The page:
While fentanyl is causing a sharp increase in overdoses and deaths among illicit drug users in Canada, a new drug is appearing called carfentanil that is far more potent. The U.S. National Center for Biotechnology Information lists carfentanil as being 100 times stronger than fentanyl and 10,000 time more powerful than morphine.
“Carfentanil is an extremely toxic substance,” says Michael Parkinson, drug strategy specialist with the Waterloo Region Crime Prevention Council in Ontario.
“It’s typically used as a weapon of war or more commonly as a sedative or for euthanizing large game. It’s substance that was never designed for human consumption. And even for veterinarians who are trained to administer it in the field, you have to wear protective gear—gloves, masks and the whole bit and unfortunately it’s starting to show up in North America.”Listen
Carfentanil may have killed Russian hostages
The U.S. military studied the use of carfentanil as a biochemical weapon in the 1980’s and 90s but noted the dangers of respiratory arrest. It’s believed Russian Special Forces used it in 2002 to rescue hostages from a theatre. 125 people died.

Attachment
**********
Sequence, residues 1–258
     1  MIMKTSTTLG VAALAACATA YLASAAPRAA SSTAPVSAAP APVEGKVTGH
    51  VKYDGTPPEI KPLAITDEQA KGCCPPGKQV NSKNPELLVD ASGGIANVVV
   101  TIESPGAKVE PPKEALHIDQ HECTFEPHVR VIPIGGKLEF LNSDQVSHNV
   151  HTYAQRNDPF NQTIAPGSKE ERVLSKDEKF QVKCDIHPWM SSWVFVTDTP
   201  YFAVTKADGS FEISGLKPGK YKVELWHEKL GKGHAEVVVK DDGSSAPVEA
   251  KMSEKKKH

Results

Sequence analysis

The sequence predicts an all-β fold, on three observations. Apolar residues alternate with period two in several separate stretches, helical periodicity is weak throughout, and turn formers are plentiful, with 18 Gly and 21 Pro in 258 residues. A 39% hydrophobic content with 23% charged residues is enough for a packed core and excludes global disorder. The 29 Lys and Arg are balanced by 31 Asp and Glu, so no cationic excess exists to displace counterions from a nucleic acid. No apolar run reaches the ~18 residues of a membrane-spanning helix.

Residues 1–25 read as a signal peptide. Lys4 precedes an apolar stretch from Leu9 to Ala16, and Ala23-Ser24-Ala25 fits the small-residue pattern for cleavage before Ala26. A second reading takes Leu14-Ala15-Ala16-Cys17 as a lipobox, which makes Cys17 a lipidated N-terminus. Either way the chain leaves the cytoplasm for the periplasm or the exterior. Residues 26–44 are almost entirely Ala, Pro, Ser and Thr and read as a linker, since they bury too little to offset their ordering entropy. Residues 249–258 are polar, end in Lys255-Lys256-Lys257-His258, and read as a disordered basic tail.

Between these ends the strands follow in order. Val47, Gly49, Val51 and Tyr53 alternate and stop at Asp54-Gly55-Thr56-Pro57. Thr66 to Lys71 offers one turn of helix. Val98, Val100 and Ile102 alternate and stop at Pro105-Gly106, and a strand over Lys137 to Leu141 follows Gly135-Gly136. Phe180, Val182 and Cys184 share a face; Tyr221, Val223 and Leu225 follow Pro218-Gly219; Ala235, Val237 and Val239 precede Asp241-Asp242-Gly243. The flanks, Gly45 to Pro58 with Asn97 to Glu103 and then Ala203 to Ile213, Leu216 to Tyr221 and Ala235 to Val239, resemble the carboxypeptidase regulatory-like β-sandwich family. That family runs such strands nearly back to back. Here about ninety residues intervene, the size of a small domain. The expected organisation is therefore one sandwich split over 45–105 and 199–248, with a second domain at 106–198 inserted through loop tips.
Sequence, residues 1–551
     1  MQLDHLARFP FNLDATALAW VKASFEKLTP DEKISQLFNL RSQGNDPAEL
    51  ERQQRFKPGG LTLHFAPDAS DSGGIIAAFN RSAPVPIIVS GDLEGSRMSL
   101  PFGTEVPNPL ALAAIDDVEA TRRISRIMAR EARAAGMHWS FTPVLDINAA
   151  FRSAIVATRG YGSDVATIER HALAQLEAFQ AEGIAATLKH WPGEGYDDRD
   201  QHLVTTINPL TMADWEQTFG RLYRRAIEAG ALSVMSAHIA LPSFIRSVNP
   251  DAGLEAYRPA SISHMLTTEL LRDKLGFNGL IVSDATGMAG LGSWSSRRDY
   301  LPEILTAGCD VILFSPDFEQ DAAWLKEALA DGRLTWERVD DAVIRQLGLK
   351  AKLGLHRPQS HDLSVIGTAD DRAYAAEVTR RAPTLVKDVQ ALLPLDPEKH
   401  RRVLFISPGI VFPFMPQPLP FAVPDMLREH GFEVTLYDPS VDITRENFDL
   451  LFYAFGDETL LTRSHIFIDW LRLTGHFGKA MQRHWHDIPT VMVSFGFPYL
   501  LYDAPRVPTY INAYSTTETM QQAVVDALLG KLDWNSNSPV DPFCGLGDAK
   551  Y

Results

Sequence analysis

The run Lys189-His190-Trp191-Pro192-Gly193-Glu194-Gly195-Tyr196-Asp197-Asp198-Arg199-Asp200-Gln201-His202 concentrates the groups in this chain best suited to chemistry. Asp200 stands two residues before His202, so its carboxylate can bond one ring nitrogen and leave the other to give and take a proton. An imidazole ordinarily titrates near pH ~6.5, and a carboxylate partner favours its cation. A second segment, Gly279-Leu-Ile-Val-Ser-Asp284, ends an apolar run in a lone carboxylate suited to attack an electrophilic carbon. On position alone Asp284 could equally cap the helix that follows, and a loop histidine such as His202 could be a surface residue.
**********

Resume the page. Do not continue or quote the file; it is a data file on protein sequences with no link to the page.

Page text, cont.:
Police say as little as 20 micrograms of carfentanil can be fatal. One microgram is smaller than a grain of salt. In June, border officials seized a package in Vancouver that contained one kilogram of the drug. Guards handling the substance wore hazmat suits.
Last week, police in Winnipeg seized about 1,500 blotter tabs they suspect contain carfentanil. They believed the drug is being made in China, shipped to Mexico and then on to various points in the U.S. and Canada.
Cheaper, easier to ship
Because fentanyl and other opioids are so much more potent, they are cheaper and easier to ship, and less likely to be detected by authorities. Dealers are cutting them into other drugs like cocaine and heroin and users may not be aware of it.
Once they are hooked, users continue to consume the drugs to ward off horrible effects of withdrawal.
Public health emergency in B.C.
Drug overdoses have increased to the point that the western province of British Columbia has declared a public health emergency, and other provinces are taking urgent steps to deal with the trend. For example, several provinces are making antidote kits more available to users and emergency responders. The city of Vancouver is planning to open more supervised injection sites.
Police and health care workers worry that overdoses and deaths will only increase with the appearance of newer and stronger opioids like carfentanil on the streets of Canada.